Hello and in lieu of my current self-revelations that I write way too many short stories, that aren’t actually short by any means, but actually a string of short stories, comprising together to form a sort of pseudo novella, I have come to hold off on posting any of them. I currently have to sort out my long standing and very back burner collection of “short stories” that I have and actually stick to at least one or two of them and finish them. So once I have that sorted out expect that to be the main theme for the coming weeks, but for now, something short and sweet that I wrote a while ago about a boy who just wants to get something for his dead mother. Morbid? Yes, but written to invoke a sense of heartwarming. Here you go, “Rain Boy”
It’s raining. Just like my mom always said, it only comes out when it’s raining. Every day, when it rains, I take my clear umbrella, and go outside. I put on a thick coat, and a warm blue hat, and put on yellow rain boots. I always say, “I’m heading out!” But I know my father is out at work, and the only one to hear it is my mom. But she never answers back.
I take a quick peek up at the sky as I take my first step onto the walkway. The skies are gray, and the clouds are crying. I open the umbrella in my hand, and bring it above me. As I walk onto the street, I look through my umbrella, and into the sky. It’s the only reason why I like clear umbrellas. I begin to concentrate as the rain drops fall onto my umbrella, making a satisfying pitter patter. But that only catches my attention for a short moment. I know I have something to do whenever I come out during the rain.
I have no idea what the name of the flower I was looking for is. The only bit of information I do know about the flower is from my mother. She told me that the flower was bright blue, and is the only flower that is going to be in bloom when it rains. In fact, it can only ever exist if it rains, and if it does not, then it dies. And so, as I walk down the street, I made it a habit to look at every corner, and every small crevice to see if a small flower was blooming.
I memorized the streets, but even so, I had a habit to look at the grass fields, the gardens of neighbors, and the park as I walk pass them. I want to look at every single place in the world, but I know that it is impossible for me to do so. I am happy that I can at least look around my small town, and I know that as long as I keep looking, I will find the flower.
Today the rain is very strong. It crashes onto my umbrella like a hammer to nails, and the sound becomes mud. Soon enough, it breaks my concentration, and now I only want to go back home where I can rest and wait for the next day it rains. But I do not, and I walk forward, with my eyes on the ground, looking for that blue flower.
Soon enough I hear the sounds of other footsteps. At this point, I know what to expect. As I walk closer to them, I make my step a little to the right so that I don’t bump into them. But when I walk pass them, I hear them say, “It’s the rain boy again.” And, “He’s always out when it’s raining.”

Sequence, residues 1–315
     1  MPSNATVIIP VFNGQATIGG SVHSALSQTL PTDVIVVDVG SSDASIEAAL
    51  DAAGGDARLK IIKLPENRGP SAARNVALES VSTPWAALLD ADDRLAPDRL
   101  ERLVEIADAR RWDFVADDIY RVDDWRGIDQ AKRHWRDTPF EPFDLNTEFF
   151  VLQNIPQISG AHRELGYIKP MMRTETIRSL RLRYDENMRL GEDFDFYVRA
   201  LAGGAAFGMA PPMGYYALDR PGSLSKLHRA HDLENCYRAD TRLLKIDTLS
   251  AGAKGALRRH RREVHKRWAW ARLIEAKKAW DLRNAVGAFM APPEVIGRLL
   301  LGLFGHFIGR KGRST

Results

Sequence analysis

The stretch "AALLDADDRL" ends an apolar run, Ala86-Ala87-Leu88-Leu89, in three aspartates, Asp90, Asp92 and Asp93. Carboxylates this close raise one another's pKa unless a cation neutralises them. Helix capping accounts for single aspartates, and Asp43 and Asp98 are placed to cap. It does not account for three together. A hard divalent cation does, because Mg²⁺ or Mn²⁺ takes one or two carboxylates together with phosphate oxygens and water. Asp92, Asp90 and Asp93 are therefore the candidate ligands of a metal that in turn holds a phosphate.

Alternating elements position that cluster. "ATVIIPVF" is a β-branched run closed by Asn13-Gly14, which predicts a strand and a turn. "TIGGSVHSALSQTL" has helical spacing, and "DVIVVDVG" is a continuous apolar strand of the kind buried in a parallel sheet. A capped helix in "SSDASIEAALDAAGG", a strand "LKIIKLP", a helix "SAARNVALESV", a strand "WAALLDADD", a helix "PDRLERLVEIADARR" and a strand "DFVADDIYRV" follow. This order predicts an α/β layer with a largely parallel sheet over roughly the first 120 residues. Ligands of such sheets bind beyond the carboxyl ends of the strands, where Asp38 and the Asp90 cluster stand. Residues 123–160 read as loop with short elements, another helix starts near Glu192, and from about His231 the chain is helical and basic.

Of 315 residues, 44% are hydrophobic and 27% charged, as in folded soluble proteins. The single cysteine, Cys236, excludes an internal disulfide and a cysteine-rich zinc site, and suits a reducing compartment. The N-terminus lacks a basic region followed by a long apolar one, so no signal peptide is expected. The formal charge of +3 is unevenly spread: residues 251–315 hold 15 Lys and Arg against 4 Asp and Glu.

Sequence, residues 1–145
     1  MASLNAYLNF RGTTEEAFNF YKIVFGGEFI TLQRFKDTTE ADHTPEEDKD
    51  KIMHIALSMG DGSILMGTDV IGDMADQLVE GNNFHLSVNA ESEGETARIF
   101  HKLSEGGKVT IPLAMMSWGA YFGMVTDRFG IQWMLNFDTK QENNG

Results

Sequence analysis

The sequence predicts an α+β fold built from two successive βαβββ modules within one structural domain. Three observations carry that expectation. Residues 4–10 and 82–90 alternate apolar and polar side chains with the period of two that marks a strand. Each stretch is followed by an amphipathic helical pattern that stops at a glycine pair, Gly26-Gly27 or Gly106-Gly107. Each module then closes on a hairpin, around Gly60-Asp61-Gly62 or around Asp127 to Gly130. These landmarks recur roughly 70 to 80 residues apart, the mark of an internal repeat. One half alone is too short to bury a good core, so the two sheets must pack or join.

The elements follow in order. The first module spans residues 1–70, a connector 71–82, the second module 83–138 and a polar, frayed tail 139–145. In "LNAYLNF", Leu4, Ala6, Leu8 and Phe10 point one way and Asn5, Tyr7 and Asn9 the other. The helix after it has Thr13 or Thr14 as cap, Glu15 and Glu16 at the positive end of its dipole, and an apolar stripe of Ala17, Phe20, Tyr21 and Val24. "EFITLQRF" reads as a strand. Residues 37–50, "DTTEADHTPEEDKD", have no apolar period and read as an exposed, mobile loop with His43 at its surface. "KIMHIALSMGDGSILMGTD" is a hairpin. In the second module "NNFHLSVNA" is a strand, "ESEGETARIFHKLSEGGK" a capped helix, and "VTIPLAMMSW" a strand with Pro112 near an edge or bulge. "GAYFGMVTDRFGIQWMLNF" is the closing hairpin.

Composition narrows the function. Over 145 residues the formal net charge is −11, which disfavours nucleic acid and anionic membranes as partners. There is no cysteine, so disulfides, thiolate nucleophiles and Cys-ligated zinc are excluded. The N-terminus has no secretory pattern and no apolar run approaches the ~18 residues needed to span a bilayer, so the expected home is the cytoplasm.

“It’s for my mother,” I wish to say. But I do not speak, and I continue to walk forward down the street. I know as my rain boots splash upon each step that the rain is coming down hard. It is an expression that my father uses when the rain is really bad and that thunder might come. I do not hear thunder as I walk down, and so I know I have a little more time to find that blue flower.
I did not know how long I was walking down the street, but I made it to the end. I know that my dad will get mad if I continue any longer, so I stop. I turn, and walk back up to my house. As I make each new step back up the street, I notice something blue in the corner of my eye. It is on the other side of the street. Before I cross, I look both ways, and then lower my body to pick it. It is a beautiful flower, and when I bring it up to my nose, it’s aroma reminds me of the nice spring days we used to have. The pattering of the rain on my umbrella begin to stop, and I look up to see that the skies are clear. The blue flower in my hand begins to wither away, and die. I mark this place in my head, and quickly head home.
Today is the next rain. I race my way to where the flower is, and just like before, it stands beautifully blue. I pick it, and run towards where I need to put this flower. I have visited her plenty of times before, so it is no surprise that I arrive without much time to waste. I step over mounds and make sure that I do not bump into any gravestones. I scan the names as I walk by each stone, saying a silent prayer as I do. Once I find my mother’s name, I lean over and place the blue flower near the soil. I wait for a few moments, and give a big prayer to her. I smile as I begin to leave.
“I finally found it mom,” I say out loud. And I feel a tear fall from my face. I smile and look up through my umbrella, to see that the sun is up. I make my way home, and as I open the door I yell, “I’m home!” I receive no answer, because I know dad is still at work, and mom never answers back.